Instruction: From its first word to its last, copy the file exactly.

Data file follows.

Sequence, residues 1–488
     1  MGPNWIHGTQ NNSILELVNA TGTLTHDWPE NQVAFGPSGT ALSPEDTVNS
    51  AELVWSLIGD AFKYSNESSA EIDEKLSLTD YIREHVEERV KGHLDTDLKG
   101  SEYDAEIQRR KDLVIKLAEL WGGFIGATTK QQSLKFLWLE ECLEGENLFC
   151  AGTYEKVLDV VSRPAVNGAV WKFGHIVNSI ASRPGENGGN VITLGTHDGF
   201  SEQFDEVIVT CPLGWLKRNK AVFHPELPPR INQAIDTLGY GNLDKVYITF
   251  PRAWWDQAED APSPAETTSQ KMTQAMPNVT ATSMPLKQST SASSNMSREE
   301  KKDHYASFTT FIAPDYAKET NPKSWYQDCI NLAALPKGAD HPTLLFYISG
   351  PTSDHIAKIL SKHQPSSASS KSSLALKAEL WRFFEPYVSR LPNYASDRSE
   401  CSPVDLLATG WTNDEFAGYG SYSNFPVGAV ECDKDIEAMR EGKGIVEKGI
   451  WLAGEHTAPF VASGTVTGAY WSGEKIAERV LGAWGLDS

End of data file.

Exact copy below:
Sequence, residues 1–488
     1  MGPNWIHGTQ NNSILELVNA TGTLTHDWPE NQVAFGPSGT ALSPEDTVNS
    51  AELVWSLIGD AFKYSNESSA EIDEKLSLTD YIREHVEERV KGHLDTDLKG
   101  SEYDAEIQRR KDLVIKLAEL WGGFIGATTK QQSLKFLWLE ECLEGENLFC
   151  AGTYEKVLDV VSRPAVNGAV WKFGHIVNSI ASRPGENGGN VITLGTHDGF
   201  SEQFDEVIVT CPLGWLKRNK AVFHPELPPR INQAIDTLGY GNLDKVYITF
   251  PRAWWDQAED APSPAETTSQ KMTQAMPNVT ATSMPLKQST SASSNMSREE
   301  KKDHYASFTT FIAPDYAKET NPKSWYQDCI NLAALPKGAD HPTLLFYISG
   351  PTSDHIAKIL SKHQPSSASS KSSLALKAEL WRFFEPYVSR LPNYASDRSE
   401  CSPVDLLATG WTNDEFAGYG SYSNFPVGAV ECDKDIEAMR EGKGIVEKGI
   451  WLAGEHTAPF VASGTVTGAY WSGEKIAERV LGAWGLDS